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The instability in the differencing scheme (237) can be fixed by replacing
on the righthand side by the spatial average of taken over the neighbouring grid
points. Thus, we obtain

(240) 
which is known as the Lax scheme. A von Neumann stability analysis
of the Lax scheme yields the following expression for the amplification
factor:

(241) 
Now

(242) 
It follows that the Lax scheme is unconditionally stable (i.e.,
for all ), provided that . From the definition of , the
inequality can also be written

(243) 
This is the famous CourantFriedrichsLewy (or CFL) stability criterion.
In fact, all stable explicit differencing schemes for solving the advection equation
are subject to the CFL constraint, which determines the maximum allowable timestep.
Listed below is a routine which solves the 1d advection equation
via the Lax method.
// Lax1D.cpp
// Function to evolve advection equation in 1d:
// du / dt + v du / dx = 0 for xl <= x <= xh
// u = 0 at x=xl and x=xh
// Array u assumed to be of extent N+2.
// Now, ith element of array corresponds to
// x_i = xl + i * dx i=0,N+1
// Here, dx = (xh  xl) / (N+1) is grid spacing.
// Function evolves u by single timestep.
// C = v dt / dx, where dt is timestep.
// Uses Lax scheme.
#include <blitz/array.h>
using namespace blitz;
void Lax1D (Array<double,1>& u, double C)
{
// Set N. Declare local array.
int N = u.extent(0)  2;
Array<double,1> u0(N+2);
// Evolve u
u0 = u;
for (int i = 1; i <= N; i++)
u(i) = 0.5 * (u0(i+1) + u0(i1))  0.5 * C * (u0(i+1)  u0(i1));
// Set boundary conditions
u(0) = 0.;
u(N+1) = 0.;
}
Figure 75 shows an example calculation which uses the above routine to
advect a Gaussian pulse. The initial condition is

(244) 
and the calculation is performed with ,
, and .
Furthermore, and
.
Note that for these parameters. It can be
seen that the pulse is advected at the correct speed: i.e., the
pulse appears approximately stationary when plotted versus .
Unfortunately, the pulse does not remain the same shape (as it should). Instead, the
pulse becomes gradually lower and wider as it propagates, and eventually
diffuses away entirely.
Figure 75:
Advection of a 1d Gaussian pulse.
Numerical calculation performed using
,
, and . The
solid curve shows the initial condition at , the shortdashed curve the numerical solution
at , the longdashed curve the numerical solution
at , and the dotdashed curve the numerical solution at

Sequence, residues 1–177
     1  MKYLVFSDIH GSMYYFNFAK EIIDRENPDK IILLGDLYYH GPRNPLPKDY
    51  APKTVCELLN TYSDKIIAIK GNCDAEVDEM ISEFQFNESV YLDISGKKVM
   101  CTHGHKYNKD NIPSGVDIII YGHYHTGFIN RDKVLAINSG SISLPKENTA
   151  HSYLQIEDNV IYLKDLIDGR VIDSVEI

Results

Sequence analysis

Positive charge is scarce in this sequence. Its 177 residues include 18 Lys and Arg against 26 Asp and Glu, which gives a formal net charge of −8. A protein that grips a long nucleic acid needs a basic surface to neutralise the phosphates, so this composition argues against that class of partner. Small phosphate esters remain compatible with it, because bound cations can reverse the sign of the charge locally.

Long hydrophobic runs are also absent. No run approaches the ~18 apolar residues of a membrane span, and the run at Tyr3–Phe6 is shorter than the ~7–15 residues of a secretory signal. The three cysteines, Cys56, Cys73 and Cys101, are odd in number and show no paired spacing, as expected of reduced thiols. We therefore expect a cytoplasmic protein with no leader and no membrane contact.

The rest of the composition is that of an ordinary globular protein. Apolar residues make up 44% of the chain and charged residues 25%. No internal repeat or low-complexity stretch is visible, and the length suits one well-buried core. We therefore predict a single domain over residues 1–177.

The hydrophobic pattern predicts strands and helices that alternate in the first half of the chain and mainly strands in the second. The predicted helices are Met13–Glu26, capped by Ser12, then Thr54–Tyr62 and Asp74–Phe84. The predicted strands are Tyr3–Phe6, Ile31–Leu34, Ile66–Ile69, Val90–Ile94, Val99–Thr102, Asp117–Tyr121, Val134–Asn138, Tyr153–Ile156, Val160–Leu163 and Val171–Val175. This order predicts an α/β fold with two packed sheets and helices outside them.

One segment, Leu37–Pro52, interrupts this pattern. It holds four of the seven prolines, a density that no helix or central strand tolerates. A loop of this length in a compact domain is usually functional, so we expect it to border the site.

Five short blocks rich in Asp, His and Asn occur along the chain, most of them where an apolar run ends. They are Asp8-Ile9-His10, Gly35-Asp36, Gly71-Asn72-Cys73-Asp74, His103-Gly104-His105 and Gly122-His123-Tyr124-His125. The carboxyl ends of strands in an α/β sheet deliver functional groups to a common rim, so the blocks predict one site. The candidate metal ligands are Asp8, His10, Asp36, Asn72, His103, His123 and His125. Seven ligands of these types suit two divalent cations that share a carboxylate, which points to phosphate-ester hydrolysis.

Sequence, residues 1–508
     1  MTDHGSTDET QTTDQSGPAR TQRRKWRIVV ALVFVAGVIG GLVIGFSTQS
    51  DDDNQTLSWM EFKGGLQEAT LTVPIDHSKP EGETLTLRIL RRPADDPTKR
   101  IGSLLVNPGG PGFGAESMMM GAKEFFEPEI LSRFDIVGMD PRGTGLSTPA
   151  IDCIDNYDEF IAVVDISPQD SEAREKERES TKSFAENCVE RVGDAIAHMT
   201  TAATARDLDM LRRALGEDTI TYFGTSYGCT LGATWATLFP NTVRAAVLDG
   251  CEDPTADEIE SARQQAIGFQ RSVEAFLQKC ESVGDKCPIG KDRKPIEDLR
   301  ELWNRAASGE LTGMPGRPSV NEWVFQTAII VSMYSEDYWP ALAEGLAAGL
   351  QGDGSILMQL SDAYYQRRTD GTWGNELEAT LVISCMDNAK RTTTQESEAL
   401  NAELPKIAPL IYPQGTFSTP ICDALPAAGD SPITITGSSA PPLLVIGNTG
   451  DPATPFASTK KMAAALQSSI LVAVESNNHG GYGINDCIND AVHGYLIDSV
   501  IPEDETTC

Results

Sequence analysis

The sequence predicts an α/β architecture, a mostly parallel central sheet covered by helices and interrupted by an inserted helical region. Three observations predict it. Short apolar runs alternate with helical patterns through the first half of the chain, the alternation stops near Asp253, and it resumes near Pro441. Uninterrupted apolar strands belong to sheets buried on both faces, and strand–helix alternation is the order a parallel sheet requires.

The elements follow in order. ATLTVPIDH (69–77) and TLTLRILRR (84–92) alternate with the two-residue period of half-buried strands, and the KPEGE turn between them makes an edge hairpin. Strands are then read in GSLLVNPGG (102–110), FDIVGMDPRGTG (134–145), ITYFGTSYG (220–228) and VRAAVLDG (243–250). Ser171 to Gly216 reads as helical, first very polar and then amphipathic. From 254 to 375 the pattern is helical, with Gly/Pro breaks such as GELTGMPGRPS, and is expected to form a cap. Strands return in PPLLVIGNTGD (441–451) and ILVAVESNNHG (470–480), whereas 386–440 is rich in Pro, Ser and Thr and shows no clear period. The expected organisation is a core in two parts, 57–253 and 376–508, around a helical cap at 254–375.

.

It is clear, from the above calculation, that the Lax scheme introduces a spurious
dispersion effect into the advection problem. We can understand the origin
of this effect by attempting a Fourier solution,
,
of Eq. (234). We easily obtain

(245) 
Note that is constant in time for all values of . In other words, the
amplitudes of the Fourier harmonics of a true solution of the advection equation
remain constant in timeit is the phases of the harmonics which
evolve. Let us now examine Eq. (242). It can be seen that, provided the CFL condition
is satisfied, the magnitude of the amplification factor, ,
is less than unity for all Fourier harmonics. In other words,
the Lax differencing scheme causes the Fourier harmonics to decay in time. It is this unphysical
attenuation of the Fourier harmonics which gives rise to the strong dispersion effect
illustrated in Fig. 75.
Figure 76:
Advection of a 1d Gaussian pulse.
Numerical calculation performed using
,
, and . The
dotted curve shows the initial condition at , the shortdashed curve the numerical solution
at , the longdashed curve the numerical solution
at , and the solid curve the numerical solution at
.

Figure 76 shows a calculation made using the Lax scheme in
which the CFL condition is violated. This
calculation is identical to the one discussed previously, except that the timestep
has been increased to
,
yielding a CFL parameter, , which exceeds unity. It can be seen that
the pulse grows in amplitude, and eventually starts to break up due to a shortwavelength
instability.
Next: The CrankNicholson scheme
Up: The wave equation
Previous: The 1d advection equation
Richard Fitzpatrick
20060329